November 1, 2017


Your salary not only goes to your family, but also to the government. The government automatically receives 11 per cent of your salary from your employer, 10 per cent for social insurance, and another 10 per cent of what’s remaining for personal income tax (with a subsidy of 7,000 MNT). If your job pays you the national average wage of 950,000 MNT, it means you actually receive 776,500 MNT, because the government takes 173,500 MNT from you and another 104,500 MNT from your employer. Although your salary is said to be 950,000 MNT, the actual value of your wage is 1,054,000 MNT, which is the amount that is coming from your employer to compensate for the job you are doing. It simply means that the difference, which is one quarter of your wage, goes to the government.

Tracing one fourth of your salary

Not everyone knows or takes an interest in what the government does with one quarter of everyone’s wage. It is mainly because this money is largely paid by the employer, not employees, in Mongolia. In highly developed countries, individuals pay these taxes directly. This allows people to be more aware of how much money they are paying for social insurance and how their pension fund is doing. Therefore, people expect to receive services worth what they have paid. People may also choose to obtain health and pension insurances for better protection from risks.

If Mongolians started paying taxes directly, there would be a change in people’s behaviour and everyone would assume greater oversight on the government and make expectations clearer. This would lead to increased responsibility on the government’s part, which helps to bring down inefficient spending and reduce corruption. It would also mean bankruptcy or privatization for state-owned companies who are currently making up their deficits with taxpayers’ money. In short, all the land under the government’s ownership would have clear owners. If these things happen, we would have stronger governance, and our economy would revive.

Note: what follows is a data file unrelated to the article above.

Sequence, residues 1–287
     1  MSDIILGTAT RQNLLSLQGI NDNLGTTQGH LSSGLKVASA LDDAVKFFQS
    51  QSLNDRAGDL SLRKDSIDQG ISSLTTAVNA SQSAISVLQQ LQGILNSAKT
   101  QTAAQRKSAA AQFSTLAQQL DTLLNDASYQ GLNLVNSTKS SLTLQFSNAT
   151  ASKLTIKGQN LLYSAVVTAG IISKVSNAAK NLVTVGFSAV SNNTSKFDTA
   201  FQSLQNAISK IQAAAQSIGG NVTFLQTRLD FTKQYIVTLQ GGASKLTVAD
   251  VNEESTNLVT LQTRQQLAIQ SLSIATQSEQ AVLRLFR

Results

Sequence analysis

Scholars have done extensive research on how individual behaviours make a significant impacts on the economy. We now have a new field of study – behavioural economics – which is where psychology and economics meet.

Behavioural Economics

American psychologist Daniel Kahneman received the 2002 Nobel Prize in Economic Sciences. Neoclassical economics, which is a big part of mainstream economics, argues that people always make rational decisions. In contrast, behavioural economics considers that people’s decisions are more influenced by psychological factors, and that decisions are not always rational.

Richard Thaler, who is another behavioural economist, won the 2017 Nobel Prize in Economic Sciences. His book titled “Misbehaving: The making of behavioural economics” has proved that human behaviours do impact the economy. For example, people value what they have more than they would have if they had not had it. Also, when people see an expensive item that they need, they don’t make the decision to purchase it because they think it is unfair. Another human behavior is that – when people start putting money away from their salary into a savings account – they do not touch their savings. Similarly, if people don’t put their salary into savings, they have a much stronger likelihood of spending it all.

According to this theory, if Mongolians started getting all of their salary and began to pay taxes and insurance fees directly, we would start attaching more value to the one quarter of our salary and care more about what it is being spent on.

This change in behaviours would bring about a revolutionary change in what our democracy is lacking today – achieving civic engagement and strengthening our civil society.

If people provide adequate oversight on the government they elected, we would be able reduce inefficient spending, remove roadblocks to the free market, allow everyone greater opportunities to take part in the economy, and open the door to overcoming poverty.

When countries have a strong civil society, there is much more civic engagement in government decisions, and a strong system of oversight and accountability. We are currently lacking a strong civil society and oversight on public governance, which is allowing politicians to do business through the government, obtain personal gains, and misuse public funds.


Trans. by B.Amar